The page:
For 43 years, the Williamsburg Choral Guild (WCG) has been hitting high notes at choral concerts packed with approving and appreciative audiences throughout the Williamsburg area.
Now, after the recent retirement of distinguished and beloved artistic director Jay BeVille, WCG has passed the baton to maestro Brian Isaac, who will continue the 90-member group’s evolution. Here are other exciting changes to the successful group’s sight and sound.
- Concerts will include never-been-sung works along with old favorites.
- Venues will be intimate with great acoustics and ample parking.
- Season subscriptions that include tickets to the November, March and May concerts will be sold online. The December concert is free and no ticket is required.
“People will say, “Wow! They’re taking a different approach,’ ” says Chuck McConnell, a baritone/bass and WCG board member.
Hello Brian Isaac
Isaac, who begins rehearsals with the group in September, comes with impressive credentials. He currently serves as artistic director of the Alexandria Choral Society in Alexandria, Va., and artistic director and founder of the Church Circle Singers in Annapolis, Md. He previously served as assistant conductor of the Washington Master Chorale in Washington, D.C. and as director of choirs at Damascus High School in Montgomery County, Md.
Between practices and meetings, Isaac answered a few questions about the new WCG season and about himself.
Q. You’ve been tasked with taking the WCG to the next level. What does that mean to you?
A. It’s critical, of course, that we continue to celebrate and perform classic repertoire within the choral canon. I do believe, however, that the WCG and other organizations like it have a special responsibility to expand the canon by promoting new works by lesser-known composers, and where possible, commissioning composers to create original content.
Q. Why did you take the job as WCG artistic director?
A. The decision to accept the artistic director position was an easy one. WCG has a rich history of quality choral performance, a membership that cares deeply about their craft, and a Williamsburg community that enthusiastically supports the performing arts.
Q. How’s it going so far?
A. The WCG staff and membership have been wonderfully welcoming. I really look forward to beginning rehearsals with this outstanding organization in September.
Q. Got any new season favorites?
A. As a former high school choir director, I am incredibly passionate about youth music education. As such, we have three exciting youth-oriented collaborations planned this season. The Williamsburg Youth Chorale will join us during our December performance Wintertide. Two local high school chamber choirs will prepare and perform both the Parry Blest Pair of Sirens and the Fauré Requiem in our March program Voice and Verse. And the Virginia Wesleyan University Choirs join us for our May performance.
We know you’re wondering
Here’s a quick look at the four concerts.
The 2018 inaugural concert celebrates and examines sunset as both an awe-inspiring natural phenomenon and as a metaphor for physical, emotional and spiritual transition. It features:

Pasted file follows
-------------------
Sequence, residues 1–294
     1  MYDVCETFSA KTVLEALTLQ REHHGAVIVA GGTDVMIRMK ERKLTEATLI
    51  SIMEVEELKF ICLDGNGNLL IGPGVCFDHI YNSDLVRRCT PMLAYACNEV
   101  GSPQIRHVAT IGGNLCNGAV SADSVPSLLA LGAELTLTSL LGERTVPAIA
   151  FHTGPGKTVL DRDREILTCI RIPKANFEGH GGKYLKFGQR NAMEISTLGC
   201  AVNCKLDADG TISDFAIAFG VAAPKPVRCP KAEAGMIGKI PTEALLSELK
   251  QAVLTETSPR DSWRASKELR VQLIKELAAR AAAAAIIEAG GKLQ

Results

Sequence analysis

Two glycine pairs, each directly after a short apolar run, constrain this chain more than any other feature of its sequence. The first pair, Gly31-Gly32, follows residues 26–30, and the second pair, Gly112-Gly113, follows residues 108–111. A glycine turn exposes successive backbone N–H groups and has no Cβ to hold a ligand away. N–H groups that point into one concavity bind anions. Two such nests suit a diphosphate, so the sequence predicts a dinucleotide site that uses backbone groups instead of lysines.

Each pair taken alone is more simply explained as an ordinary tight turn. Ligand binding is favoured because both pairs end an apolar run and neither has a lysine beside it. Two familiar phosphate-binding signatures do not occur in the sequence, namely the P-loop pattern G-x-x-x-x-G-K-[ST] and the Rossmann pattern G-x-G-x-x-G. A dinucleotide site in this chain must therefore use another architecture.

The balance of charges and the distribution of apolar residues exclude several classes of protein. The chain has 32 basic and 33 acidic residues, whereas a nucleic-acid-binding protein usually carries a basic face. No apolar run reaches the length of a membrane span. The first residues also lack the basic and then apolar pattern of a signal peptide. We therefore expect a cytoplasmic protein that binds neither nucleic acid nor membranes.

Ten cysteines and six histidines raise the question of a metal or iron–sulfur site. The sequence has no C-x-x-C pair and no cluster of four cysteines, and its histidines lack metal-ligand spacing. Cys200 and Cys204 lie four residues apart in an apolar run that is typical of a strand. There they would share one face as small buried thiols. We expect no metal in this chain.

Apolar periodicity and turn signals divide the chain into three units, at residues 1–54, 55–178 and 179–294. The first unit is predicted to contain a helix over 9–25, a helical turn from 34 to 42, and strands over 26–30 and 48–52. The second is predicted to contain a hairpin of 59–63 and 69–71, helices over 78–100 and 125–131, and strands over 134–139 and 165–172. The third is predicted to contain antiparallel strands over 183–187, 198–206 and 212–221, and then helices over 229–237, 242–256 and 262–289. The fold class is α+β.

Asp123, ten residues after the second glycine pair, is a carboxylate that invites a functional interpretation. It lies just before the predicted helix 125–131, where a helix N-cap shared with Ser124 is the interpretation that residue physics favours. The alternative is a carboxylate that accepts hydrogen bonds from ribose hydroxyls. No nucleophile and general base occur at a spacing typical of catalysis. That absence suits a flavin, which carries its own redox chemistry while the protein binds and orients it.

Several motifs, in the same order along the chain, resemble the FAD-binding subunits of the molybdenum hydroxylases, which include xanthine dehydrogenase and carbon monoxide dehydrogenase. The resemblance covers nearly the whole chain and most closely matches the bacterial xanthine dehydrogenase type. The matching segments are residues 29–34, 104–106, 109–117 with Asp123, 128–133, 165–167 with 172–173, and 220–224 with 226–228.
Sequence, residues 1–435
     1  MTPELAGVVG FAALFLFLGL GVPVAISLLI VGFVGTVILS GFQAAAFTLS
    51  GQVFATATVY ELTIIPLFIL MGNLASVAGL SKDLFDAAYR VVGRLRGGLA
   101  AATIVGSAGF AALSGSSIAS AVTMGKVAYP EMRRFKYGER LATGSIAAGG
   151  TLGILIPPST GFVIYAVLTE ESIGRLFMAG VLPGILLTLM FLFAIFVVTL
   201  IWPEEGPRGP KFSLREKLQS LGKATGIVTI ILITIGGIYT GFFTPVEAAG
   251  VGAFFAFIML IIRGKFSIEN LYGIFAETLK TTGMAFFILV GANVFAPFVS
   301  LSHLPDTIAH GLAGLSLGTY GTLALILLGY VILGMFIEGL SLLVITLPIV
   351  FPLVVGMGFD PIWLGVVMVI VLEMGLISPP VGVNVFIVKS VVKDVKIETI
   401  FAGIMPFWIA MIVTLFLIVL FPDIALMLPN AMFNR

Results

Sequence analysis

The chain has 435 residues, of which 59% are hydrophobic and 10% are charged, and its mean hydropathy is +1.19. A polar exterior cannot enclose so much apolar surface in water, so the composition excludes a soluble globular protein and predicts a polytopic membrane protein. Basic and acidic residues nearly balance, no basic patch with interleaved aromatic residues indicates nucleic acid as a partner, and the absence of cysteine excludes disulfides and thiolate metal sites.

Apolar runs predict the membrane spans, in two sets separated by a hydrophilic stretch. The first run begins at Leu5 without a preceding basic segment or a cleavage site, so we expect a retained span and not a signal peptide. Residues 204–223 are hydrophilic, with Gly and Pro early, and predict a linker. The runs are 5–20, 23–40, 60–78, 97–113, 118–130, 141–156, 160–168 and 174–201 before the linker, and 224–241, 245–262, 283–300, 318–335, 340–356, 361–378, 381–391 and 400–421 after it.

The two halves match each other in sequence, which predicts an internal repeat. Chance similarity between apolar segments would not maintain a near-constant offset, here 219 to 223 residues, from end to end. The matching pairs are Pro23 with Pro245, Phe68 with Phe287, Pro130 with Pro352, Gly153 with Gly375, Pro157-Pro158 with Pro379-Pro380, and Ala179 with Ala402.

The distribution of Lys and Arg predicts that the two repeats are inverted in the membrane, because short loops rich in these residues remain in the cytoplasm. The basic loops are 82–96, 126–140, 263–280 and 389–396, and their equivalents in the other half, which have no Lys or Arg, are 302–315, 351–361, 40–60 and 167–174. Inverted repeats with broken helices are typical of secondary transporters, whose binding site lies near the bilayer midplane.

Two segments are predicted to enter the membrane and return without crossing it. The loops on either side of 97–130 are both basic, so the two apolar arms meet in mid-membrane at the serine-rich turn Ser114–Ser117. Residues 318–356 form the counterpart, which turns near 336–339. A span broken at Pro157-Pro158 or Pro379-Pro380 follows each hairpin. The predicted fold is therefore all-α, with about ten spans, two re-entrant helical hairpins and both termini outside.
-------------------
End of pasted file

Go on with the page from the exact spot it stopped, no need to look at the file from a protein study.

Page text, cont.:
- Jonathan Dove’s Seek Him that Maketh the Seven Stars for mixed chorus and organ.
- Connor Koppin’s Echo, a new piece for chorus and piano.
- Stephen Chatman’s Dawn of Night, a work for mixed chorus and cello featuring poetry by Tara Wohlberg.
The holidays are always a special time to gather loved ones and celebrate the beauty and majesty of winter. WCG’s Wintertide concert, a highlight of the choral season, will celebrate this special time of year with:
- June Nixon’s brilliant The Holly and the Ivy
- Julian Wachner’s reimagining of the holiday carols O Come, O Come, Emmanuel; Hark! The Herald Angels Sing; and Angels We have Heard on High — each for mixed chorus and organ
- A cappella favorites Lo, How a Rose E’er Blooming, Jolly Old Saint Nicholas, and O Tannenbaum
- Contemporary works like Eatnemen Vuelie (Song of the Earth), a traditional Sami yoik written by Frode Fjellheim and arranged for mixed chorus and percussion by Emily Crocker; and Ring Out, Ye Bells!, written for mixed chorus and piano by Dale Trumbore.
- Songs by Williamsburg Youth Chorale, under the direction of Ann Porter and Genrose Lashinger.
This exciting concert features a collaboration between WCG and two local high school chamber choirs, a bow to Isaac’s special interest in guiding young musicians. “As a former high school choir director, you’ll quickly realize that youth music education is an absolute passion of mine,” Isaac says.
The concert will include:
- C.H.H. Parry’s Blest Pair of Sirens, a setting in eight voices of John Milton’s Ode At a solemn Musick
- Gabriel Fauré’s exquisite Requiem.
The last concert of the 2018-19 season features:
- Dan Forrest’s major five-movement work for orchestra and chorus entitled Lux: The Dawn from on High, and a choral collaboration with Virginia Wesleyan University’s Chamber Choir under the direction of Dr. Bryson Mortensen
- Shawn Kirchner’s a cappella arrangement of the Appalachian folk tune Bright Morning Stars
- Jeffery Ames’ In Remembrance for mixed chorus, piano, and horn.
To order tickets, contact a WCG member or buy them online.
Says McConnell, “It’s not too early to get the word out and let people know this is a revitalized group of outstanding choral performers with a season of exciting performances ahead”
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